FIG. 2 initially shows a phase-locked loop 40, which has a phase comparator 42 and a downstream low-pass filter 44. Phase comparator 42 compares the phases of I and Q reference signals Iref, Qref. The comparison result is supplied, after low-pass filtering in low-pass filter 44, to phase shifter 26 as a control signal. In this way, phase shifter 26 may be continuously controlled in such a way that deviations of the phase shift from the ideal value of 90° are suppressed. It is essential that the I and Q reference signals have a comparatively low frequency (2 GHz in this example), so that their phases may be sufficiently precisely determined and compared.

Furthermore, a frequency closed-loop 46 is shown in FIG. 2, which is also formed by a phase comparator 48 and a downstream low-pass filter 50. A reference signal fref, which is generated by a frequency-stable reference oscillator and is 1/32 of desired frequency f2 of second oscillator 18, is supplied to an input of phase comparator 48. A signal, which is generated from the output signal of second oscillator 18 in that its frequency f2 is divided in the ratio 1/32 with the aid of a frequency divider 52, is supplied to the other input of phase comparator 48. Second oscillator 18 is a variable-frequency oscillator in this case, to which the comparison result is supplied after low-pass filtering in low-pass filter 50 as a control signal. In this way, frequency f2 of second oscillator 18 is continuously controlled in such a way that it is exactly 32 times reference frequency fref.

An essential advantage here is that frequency f2 of second oscillator 18 is only half of transmission frequency f1+f2, so that a frequency division in the ratio 1/32 is sufficient to obtain a sufficiently low frequency for a precise phase comparison in phase comparator 48. If frequency f1 of first oscillator 16 is known, transmission frequency f1+f2 may also be determined with high precision. Difference frequency f1−f2 may optionally be monitored on the basis of the I or Q reference signal, in order to determine f1 on the basis of difference frequency f1−f2 and stabilized frequency f2.

If first oscillator 16 is also variable, the frequency of the transmission signal may be modulated in a very simple way using a (modulation) frequency closed-loop 54. For this purpose, a low-frequency signal, whose frequency fmod is modulated in the desired way (for example, in the case of an FMCW radar, using a frequency modulation according to a linear ramp), is applied to an input of a phase comparator 56, which compares the phase of this signal to the phase of I reference signal Iref applied to the other input. The comparison result is supplied to oscillator 16 as a control signal via a low-pass filter 58. In this way, frequency f1 of first oscillator 16 is controlled in such a way that frequency f1−f2 of the I reference signal is kept in coincidence with fmod. It follows from f1−f2=fmod that:
f1=f2+fmod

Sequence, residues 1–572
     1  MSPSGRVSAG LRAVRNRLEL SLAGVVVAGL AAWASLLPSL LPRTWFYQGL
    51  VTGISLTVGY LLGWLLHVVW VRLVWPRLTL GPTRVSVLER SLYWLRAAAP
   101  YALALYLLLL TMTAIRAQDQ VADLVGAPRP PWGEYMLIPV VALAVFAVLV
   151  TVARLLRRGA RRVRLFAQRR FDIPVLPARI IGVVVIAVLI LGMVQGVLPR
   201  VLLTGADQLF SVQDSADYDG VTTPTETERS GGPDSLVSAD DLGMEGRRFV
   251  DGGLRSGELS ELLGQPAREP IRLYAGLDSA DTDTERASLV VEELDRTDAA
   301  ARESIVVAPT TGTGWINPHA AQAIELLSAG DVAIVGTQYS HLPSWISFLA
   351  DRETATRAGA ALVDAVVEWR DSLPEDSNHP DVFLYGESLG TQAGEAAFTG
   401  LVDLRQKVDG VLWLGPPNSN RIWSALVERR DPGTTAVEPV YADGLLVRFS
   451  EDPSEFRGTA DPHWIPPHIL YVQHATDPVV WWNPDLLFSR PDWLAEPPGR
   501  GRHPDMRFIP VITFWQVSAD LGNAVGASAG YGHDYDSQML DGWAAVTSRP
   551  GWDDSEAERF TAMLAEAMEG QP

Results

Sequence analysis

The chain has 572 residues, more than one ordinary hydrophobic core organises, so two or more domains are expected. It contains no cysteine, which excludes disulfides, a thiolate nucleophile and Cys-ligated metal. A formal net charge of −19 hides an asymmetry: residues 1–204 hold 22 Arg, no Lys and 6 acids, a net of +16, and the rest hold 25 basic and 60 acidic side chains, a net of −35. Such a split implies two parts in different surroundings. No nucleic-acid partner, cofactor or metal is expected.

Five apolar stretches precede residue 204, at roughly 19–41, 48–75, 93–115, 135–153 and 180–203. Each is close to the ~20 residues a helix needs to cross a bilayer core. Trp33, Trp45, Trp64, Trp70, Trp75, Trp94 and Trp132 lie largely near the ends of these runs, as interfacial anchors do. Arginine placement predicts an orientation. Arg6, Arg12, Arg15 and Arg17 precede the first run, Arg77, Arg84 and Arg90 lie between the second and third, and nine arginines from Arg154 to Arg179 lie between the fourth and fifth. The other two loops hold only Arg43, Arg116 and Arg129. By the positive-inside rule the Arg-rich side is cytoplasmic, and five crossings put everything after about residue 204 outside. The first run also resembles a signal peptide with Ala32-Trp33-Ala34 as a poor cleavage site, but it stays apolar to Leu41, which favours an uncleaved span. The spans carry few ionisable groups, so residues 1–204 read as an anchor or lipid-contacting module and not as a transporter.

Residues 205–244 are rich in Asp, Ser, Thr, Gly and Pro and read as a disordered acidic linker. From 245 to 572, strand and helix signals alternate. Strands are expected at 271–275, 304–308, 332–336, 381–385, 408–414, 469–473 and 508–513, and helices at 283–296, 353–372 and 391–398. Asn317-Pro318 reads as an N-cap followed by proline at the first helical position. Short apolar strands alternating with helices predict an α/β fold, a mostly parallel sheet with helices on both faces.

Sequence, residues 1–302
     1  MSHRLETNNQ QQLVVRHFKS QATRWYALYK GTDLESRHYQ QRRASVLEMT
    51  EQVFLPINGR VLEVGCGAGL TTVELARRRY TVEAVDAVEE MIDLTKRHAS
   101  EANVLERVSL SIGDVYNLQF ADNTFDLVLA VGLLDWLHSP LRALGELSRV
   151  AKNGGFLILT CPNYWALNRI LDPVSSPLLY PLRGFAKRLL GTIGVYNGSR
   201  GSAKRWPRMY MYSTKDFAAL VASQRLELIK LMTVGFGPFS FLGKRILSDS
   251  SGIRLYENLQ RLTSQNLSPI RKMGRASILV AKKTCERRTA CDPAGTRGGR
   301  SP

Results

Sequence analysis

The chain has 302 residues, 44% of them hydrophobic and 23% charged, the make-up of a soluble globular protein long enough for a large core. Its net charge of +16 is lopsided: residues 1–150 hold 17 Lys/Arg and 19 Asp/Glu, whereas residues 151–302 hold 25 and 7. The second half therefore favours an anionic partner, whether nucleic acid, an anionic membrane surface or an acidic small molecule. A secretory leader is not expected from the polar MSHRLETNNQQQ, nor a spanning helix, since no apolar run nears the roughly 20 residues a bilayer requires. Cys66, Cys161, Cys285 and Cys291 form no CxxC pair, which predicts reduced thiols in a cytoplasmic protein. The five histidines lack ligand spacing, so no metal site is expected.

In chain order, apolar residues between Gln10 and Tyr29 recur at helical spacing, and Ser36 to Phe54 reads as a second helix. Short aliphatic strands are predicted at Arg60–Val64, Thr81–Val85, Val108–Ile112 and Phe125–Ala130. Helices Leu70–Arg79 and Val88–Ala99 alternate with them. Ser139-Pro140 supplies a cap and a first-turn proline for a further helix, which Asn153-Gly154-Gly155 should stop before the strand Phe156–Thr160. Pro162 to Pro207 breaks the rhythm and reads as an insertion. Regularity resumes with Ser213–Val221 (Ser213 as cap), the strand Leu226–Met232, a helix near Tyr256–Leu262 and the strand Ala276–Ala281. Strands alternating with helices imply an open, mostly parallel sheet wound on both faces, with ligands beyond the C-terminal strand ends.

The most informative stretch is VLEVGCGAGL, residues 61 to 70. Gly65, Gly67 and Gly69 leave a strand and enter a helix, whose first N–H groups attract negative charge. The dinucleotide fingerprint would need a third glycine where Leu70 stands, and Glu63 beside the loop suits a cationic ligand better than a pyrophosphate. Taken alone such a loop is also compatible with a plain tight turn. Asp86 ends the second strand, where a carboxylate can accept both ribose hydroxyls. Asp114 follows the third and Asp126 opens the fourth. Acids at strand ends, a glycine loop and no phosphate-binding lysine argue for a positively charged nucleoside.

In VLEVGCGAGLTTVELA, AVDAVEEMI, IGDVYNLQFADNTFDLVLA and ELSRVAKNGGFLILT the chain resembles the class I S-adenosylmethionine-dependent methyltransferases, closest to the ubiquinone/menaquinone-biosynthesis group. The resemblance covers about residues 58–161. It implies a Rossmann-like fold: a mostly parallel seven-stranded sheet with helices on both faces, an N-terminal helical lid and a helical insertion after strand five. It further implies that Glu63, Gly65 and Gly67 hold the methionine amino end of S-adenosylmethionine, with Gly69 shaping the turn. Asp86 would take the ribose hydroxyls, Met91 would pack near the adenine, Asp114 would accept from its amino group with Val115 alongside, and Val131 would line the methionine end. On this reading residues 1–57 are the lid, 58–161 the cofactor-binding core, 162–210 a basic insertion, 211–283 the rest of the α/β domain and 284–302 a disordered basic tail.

and for the frequency of transmission signal E:
f1+f2=2f2+fmod.

FIG. 3 illustrates a variant in which Q reference signal Qref is used for the purpose of reducing the phase noise of the oscillator system. Q reference signal Qref results by mixing the signal of first oscillator 16 with the signal of phase shifter 26, which is phase shifted by 90°, in second transmit mixer 28 and has frequency f1−f2. Its phase therefore reflects the phase noise of both oscillators and any possible phase errors of phase shifter 26. In the example considered here, f1 and f2 are selected in such a way that their difference f1−f2 is exactly 1/32 of f2. In a phase-locked loop 60, the phase of the Q reference signal is compared to the signal of second oscillator 18, which is divided in frequency in the ratio 1/32, and the comparison result is supplied via a low-pass filter 64 to second oscillator 18 as a control signal. The phase noise is clearly suppressed in this way.

If the frequency of one oscillator is halved, in general a reduction of the phase noise by 6 dB results at the output of the frequency divider. Since the frequency is divided in the ratio 1/32 (1/25) in frequency divider 52, an arithmetical reduction of the phase noise by approximately 30 dB results.

FIG. 4 shows a radar sensor as a further exemplary embodiment, which is configured as a heterodyne sensor. The signal of first oscillator 16 directly forms transmission signal S, while first comparison signal V1 is formed by the signal of second oscillator 18 and second comparison signal V2 is formed by the signal of second oscillator 18, which is phase shifted by 90° in phase shifter 26. As an example, it may be assumed that first oscillator 16 has a frequency of 122 GHz (transmission frequency), while second oscillator 18 has a frequency f2 of 120 GHz. I and Q mixers 32, 34 provide I and Q signals IIF and QIF in this case, which are in an intermediate frequency band and have a frequency in the magnitude of approximately 2 GHz.

Transmit mixers 20 and 28 mix transmission signal S with comparison signals V1 and V2 (the expression “transmit mixer” is used solely to differentiate between mixers of transmitting part 10 and receiving part 12 and does not necessarily mean that these mixers also participate in generating the transmission signal or the comparison signals). Reference signals Iref and Qref obtained as mixed products are in the intermediate frequency band and have frequency f1−f2=2 GHz.

The I and Q reference signals may be used in a similar way as in the above-described exemplary embodiment. For example, a frequency divider 66, which divides frequency f2 of second oscillator 18 in the ratio 1/64, allows a suppression of the phase noise similarly as in the case of phase-locked loop 60 in FIG. 3. A regulating input 68 for phase shifter 26 is also provided, so that the phase shift may be controlled in a similar way as using phase-locked loop 40 in FIG. 2.